PhotoBy now it's safe to say: there is no low to which Internet scammers won't sink. The latest proof of this theory is the latest Internet scam: hackers seeking to put malware on people's computers do so by sending out fake funeral notices to grieving friends and families.

The US government's online-scam information website,, warned readers of this particularly loathsome scheme on Feb. 12: “Fake funeral notice can be deadly—for your computer.”

The scam is simple: would-be victims get what appears to be a legitimate bereavement notice from a funeral home. When you click on the offered link, presumably to get information about the time and place of a given memorial service, you are instead routed to a foreign domain that installs all sorts of nasty malware onto your computer.

Unfortunately, online safety requires a level of vigilance that would be considered “unhealthy paranoia” in most offline contexts. For example: in real life, if a close friend or relative walks up to you and says “I'm in a bit of trouble; can you lend me a few bucks to tide me over?” it's unreasonable to think “This isn't really my close friend or relative; this is an impostor and master of disguise seeking to cheat me out of my money!”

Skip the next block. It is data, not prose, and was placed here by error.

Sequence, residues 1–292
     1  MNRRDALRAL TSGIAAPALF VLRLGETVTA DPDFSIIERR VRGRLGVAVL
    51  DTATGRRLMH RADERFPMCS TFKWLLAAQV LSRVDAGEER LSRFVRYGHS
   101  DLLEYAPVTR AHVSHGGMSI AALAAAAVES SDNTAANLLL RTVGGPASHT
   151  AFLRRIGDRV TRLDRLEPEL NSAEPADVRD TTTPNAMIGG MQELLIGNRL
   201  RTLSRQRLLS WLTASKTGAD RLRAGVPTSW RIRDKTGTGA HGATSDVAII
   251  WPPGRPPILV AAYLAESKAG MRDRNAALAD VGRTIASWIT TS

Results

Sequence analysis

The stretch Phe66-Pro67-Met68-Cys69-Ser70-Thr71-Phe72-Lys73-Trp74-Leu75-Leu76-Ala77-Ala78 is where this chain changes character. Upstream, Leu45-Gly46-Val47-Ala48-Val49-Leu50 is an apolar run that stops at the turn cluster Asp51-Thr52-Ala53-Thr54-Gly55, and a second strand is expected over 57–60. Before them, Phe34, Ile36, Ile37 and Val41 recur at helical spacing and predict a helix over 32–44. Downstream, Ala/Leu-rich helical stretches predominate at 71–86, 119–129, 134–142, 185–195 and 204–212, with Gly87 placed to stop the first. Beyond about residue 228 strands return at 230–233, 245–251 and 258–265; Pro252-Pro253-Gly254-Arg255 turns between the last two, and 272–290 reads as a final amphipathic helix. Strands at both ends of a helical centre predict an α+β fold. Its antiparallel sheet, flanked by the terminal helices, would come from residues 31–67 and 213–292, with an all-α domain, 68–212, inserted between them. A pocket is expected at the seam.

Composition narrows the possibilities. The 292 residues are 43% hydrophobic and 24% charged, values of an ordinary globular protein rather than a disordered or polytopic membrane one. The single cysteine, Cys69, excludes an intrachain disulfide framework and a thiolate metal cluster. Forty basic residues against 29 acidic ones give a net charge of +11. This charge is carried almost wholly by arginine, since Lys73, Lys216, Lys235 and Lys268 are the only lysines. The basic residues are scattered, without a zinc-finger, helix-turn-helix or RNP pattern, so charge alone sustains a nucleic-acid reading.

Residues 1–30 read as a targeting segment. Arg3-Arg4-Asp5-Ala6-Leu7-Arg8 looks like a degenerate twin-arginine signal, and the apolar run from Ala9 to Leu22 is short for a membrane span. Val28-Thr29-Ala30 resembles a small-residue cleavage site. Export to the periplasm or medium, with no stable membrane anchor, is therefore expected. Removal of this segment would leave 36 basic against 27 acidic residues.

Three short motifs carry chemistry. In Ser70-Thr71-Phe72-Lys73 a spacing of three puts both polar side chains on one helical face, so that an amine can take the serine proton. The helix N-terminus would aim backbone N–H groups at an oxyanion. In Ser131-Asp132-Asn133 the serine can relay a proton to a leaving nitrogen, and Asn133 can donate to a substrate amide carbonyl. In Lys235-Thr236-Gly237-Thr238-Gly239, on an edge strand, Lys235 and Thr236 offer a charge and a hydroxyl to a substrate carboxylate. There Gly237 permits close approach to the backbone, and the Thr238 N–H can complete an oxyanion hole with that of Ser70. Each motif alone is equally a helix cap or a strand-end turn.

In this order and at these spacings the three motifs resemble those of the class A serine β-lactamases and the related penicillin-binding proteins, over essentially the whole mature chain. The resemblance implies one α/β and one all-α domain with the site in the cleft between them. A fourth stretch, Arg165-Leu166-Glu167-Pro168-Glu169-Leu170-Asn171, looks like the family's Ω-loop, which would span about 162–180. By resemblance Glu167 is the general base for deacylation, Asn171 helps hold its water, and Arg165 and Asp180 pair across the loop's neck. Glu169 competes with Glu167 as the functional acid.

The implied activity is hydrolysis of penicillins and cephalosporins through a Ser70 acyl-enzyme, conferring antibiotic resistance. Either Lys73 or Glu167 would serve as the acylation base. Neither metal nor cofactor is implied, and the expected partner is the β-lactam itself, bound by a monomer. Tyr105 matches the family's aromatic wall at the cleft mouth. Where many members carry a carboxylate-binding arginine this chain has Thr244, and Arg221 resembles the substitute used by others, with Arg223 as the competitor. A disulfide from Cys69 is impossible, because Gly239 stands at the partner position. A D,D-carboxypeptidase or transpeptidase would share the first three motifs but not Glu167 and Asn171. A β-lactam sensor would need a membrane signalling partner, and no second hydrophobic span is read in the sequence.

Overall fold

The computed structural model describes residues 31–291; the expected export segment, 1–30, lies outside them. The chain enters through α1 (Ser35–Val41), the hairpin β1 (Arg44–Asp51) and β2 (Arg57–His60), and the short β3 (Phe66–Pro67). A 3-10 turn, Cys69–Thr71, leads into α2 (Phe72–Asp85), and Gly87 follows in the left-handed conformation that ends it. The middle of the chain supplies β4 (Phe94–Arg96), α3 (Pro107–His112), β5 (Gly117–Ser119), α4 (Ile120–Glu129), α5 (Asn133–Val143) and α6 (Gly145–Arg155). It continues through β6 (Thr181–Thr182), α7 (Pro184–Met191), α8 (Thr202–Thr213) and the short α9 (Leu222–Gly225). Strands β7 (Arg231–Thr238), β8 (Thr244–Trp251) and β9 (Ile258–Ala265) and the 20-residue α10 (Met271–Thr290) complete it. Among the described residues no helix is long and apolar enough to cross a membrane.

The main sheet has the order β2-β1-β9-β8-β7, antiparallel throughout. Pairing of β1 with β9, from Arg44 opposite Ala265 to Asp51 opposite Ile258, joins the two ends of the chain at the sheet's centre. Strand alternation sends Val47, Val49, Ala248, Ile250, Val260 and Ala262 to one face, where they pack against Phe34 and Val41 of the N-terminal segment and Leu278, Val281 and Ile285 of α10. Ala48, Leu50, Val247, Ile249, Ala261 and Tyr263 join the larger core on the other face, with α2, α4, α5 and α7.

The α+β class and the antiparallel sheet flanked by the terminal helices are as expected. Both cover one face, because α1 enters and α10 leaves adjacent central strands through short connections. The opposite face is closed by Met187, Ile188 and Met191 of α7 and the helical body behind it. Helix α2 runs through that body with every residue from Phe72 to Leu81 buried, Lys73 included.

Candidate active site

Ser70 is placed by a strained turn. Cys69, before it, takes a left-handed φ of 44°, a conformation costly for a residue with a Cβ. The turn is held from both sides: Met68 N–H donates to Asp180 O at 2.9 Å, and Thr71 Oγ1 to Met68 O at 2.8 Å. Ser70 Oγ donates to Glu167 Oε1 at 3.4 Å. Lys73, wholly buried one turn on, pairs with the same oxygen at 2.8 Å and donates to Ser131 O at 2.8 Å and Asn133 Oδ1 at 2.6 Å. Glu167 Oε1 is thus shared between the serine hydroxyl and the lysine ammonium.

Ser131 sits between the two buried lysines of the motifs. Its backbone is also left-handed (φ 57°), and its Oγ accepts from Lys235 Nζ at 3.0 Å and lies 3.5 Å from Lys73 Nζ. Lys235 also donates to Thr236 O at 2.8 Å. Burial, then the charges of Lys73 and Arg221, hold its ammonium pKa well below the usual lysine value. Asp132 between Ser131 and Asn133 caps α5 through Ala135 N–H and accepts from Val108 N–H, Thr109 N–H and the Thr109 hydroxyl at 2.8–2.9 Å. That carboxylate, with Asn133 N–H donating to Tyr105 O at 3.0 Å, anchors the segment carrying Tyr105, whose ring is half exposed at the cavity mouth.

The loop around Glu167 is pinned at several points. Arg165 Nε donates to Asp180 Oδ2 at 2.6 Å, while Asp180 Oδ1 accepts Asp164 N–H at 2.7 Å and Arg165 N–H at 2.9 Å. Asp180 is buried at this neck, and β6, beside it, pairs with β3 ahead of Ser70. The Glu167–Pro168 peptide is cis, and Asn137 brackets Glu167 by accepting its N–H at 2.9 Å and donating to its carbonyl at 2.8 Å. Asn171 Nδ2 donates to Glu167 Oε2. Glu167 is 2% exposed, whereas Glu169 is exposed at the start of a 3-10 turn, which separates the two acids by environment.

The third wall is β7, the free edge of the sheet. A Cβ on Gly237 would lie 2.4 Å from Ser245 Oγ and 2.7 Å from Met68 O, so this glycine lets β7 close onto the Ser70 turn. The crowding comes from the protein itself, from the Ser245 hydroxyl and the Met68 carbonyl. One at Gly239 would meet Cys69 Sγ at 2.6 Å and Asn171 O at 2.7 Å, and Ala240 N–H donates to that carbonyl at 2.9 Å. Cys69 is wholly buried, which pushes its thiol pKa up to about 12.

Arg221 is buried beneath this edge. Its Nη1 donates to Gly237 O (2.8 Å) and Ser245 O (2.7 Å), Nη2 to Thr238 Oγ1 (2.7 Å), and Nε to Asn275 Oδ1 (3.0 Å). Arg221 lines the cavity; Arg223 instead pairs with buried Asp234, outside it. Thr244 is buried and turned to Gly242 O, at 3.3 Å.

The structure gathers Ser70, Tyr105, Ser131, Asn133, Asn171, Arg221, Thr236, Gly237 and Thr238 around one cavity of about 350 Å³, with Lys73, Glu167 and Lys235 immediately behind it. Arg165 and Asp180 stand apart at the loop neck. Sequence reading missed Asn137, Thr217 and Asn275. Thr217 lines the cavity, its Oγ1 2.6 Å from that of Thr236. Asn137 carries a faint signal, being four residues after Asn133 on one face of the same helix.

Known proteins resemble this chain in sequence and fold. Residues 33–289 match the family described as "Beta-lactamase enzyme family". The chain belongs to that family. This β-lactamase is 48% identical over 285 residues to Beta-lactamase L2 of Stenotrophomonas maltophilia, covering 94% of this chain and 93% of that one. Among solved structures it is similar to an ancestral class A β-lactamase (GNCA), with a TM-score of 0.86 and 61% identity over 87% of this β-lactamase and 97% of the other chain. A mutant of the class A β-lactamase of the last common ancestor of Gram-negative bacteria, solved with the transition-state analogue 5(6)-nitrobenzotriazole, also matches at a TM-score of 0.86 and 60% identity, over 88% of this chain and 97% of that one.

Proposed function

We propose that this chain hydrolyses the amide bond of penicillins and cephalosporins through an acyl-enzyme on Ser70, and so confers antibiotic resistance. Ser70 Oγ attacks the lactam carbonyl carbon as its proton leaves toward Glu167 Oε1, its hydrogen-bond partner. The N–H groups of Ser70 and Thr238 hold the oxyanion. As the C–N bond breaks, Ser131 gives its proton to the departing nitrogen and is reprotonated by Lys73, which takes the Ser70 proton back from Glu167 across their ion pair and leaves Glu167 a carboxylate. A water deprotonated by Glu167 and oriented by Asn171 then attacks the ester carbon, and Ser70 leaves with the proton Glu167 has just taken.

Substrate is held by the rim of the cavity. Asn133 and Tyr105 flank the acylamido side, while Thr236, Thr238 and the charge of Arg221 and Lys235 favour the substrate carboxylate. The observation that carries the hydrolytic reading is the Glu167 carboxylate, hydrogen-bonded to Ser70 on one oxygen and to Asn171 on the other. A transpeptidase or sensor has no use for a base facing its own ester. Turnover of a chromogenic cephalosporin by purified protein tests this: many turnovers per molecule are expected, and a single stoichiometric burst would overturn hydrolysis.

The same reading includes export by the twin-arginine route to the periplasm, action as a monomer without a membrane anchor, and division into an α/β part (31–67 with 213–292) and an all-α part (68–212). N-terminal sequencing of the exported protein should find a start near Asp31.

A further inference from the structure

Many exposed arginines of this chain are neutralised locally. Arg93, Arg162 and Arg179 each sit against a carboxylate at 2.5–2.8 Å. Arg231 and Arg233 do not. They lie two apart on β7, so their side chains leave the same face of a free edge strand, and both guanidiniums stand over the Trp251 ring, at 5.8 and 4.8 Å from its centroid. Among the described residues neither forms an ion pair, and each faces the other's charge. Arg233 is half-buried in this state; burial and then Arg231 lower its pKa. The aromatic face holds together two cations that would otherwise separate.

But online, when a close friend or relative sends you an email asking for money, there's a very good chance it's actually a total stranger who hacked into somebody's email account and is now trying to scam everybody in the email address book. (That particular scam even has its own name – the “Grandma scam” – which in turn is merely a subset of what OnguardOnline dubs “impostor scams.”)

If you are grieving the recent loss of a loved one, protecting yourself from thieving scammers is the last thing on your mind. Unfortunately, the scammers are counting on that.

Share your Comments